Workers deserve to get home safely

International Workers’ Memorial Day 2022: Councils and employers urged to back Get Me Home Safely campaign

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Unite is calling on councils and employers to mark today’s (April 28) International Workers’ Memorial Day by backing the union’s Get Me Home Safely campaign.

Unite wants the hundreds of councils and authorities across England, Scotland, Wales and Northern Ireland to follow East Dunbartonshire council’s lead in finding innovative ways to support the late night workforce.  East Dunbartonshire has made it a requirement of licensing that all hospitality businesses in the area provide safe transport home for their workers.

The union is also calling for health and safety legislation to be changed to ensure that employers must conduct assessments of the provision for workers to get home safely from late working.

The Get Me Home Safely campaign has been inspired by the experience of one young woman member of the union who, having been promised and then denied a taxi home after a shift, was attacked on her journey home.  Unite is now pursuing her former employer for negligence.

The campaign, which has been endorsed by the Welsh Assembly, is working to make safe transport home the norm for late workers.

On International Workers’ Memorial Day, Unite has released a short film of one young bar worker’s journey home at night through unlit streets with no public transport to highlight how all too often workplace safety ends when the shift does:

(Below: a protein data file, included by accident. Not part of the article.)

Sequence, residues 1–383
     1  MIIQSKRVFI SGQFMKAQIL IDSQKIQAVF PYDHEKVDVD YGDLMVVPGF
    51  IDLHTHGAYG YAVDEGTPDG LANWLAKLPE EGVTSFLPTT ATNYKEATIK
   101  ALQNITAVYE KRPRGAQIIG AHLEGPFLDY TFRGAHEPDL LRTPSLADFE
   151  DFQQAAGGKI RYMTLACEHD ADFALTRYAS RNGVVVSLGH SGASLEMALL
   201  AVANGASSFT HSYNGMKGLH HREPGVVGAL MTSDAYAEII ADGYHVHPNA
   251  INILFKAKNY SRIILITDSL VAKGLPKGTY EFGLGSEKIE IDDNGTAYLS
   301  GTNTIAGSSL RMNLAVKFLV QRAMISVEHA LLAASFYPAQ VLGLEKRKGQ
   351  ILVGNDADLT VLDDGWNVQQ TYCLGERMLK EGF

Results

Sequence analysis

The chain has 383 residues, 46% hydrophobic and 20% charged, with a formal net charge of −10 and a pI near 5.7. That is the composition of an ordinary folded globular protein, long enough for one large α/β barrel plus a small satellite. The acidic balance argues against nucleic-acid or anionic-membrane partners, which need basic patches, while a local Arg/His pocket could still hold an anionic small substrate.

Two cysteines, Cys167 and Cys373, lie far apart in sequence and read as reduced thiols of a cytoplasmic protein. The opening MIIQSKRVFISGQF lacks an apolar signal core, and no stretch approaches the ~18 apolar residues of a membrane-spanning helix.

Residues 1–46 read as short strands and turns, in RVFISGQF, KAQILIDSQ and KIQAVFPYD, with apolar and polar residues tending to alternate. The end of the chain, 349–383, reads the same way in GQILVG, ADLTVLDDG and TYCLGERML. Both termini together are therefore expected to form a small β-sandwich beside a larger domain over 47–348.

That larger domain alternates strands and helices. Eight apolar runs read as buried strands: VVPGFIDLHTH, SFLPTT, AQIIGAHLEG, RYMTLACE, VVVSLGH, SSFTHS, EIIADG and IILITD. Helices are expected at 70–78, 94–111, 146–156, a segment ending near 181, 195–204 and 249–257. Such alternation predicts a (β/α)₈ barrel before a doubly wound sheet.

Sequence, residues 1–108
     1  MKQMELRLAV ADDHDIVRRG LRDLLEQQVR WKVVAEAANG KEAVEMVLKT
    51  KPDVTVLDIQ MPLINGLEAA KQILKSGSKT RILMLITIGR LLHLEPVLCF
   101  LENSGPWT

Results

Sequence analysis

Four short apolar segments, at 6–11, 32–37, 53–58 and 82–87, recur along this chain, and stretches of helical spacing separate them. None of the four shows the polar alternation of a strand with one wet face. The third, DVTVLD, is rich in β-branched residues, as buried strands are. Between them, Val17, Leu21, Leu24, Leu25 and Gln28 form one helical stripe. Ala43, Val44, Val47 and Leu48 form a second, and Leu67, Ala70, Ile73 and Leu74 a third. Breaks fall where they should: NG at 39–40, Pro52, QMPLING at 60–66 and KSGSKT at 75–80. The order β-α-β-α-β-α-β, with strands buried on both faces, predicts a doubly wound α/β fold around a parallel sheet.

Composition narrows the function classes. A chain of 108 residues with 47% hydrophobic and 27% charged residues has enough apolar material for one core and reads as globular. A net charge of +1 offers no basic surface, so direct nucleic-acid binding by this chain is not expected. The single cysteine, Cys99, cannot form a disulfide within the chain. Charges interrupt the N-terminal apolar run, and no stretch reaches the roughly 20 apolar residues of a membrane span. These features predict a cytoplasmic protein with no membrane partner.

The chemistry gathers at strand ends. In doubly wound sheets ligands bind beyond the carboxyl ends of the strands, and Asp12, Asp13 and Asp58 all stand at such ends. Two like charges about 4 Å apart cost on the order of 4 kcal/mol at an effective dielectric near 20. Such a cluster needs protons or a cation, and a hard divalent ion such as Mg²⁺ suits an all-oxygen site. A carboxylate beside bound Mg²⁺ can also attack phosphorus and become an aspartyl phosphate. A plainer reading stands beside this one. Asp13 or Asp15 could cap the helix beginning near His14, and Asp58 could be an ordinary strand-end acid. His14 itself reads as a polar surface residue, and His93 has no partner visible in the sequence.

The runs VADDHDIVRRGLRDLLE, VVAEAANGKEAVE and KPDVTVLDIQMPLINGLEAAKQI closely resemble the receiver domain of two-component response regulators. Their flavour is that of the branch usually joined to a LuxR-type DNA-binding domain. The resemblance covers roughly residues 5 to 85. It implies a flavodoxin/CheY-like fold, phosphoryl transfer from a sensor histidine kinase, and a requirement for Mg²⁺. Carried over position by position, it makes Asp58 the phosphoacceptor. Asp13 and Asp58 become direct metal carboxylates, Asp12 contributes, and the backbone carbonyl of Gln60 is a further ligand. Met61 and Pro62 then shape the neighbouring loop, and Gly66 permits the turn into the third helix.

Launching the film, Unite general secretary Sharon Graham said, “Workers – young women, mainly – are being put at tremendous risk when trying to get home at night. This is frankly disgusting.

“No worker should be being placed in a dangerous situation because profits come first and public transport has been cut to the bone.

“The duty of care must include ensuring the right to work and to travel to and from work free from fear. Employers and councils need to own this, they cannot say “this is nothing to do with me”.”

Hospitality worker Caitlin, who was attacked when travelling home from work when her promised taxi was not provided, added, “If my employer had kept their promise of a taxi home, I would not have been attacked.  I do not want what happened to me to happen to any other worker which is why no transport home should mean no licence to trade.”

A recent poll for Unite found that almost six in ten workers – 58 per cent – had never been provided with same transport home by their employers. 59 per cent of those polled said that hospitality employers should be compelled by the conditions of their licence to provide safe homewards transport after a shift.

By Shaun Noble

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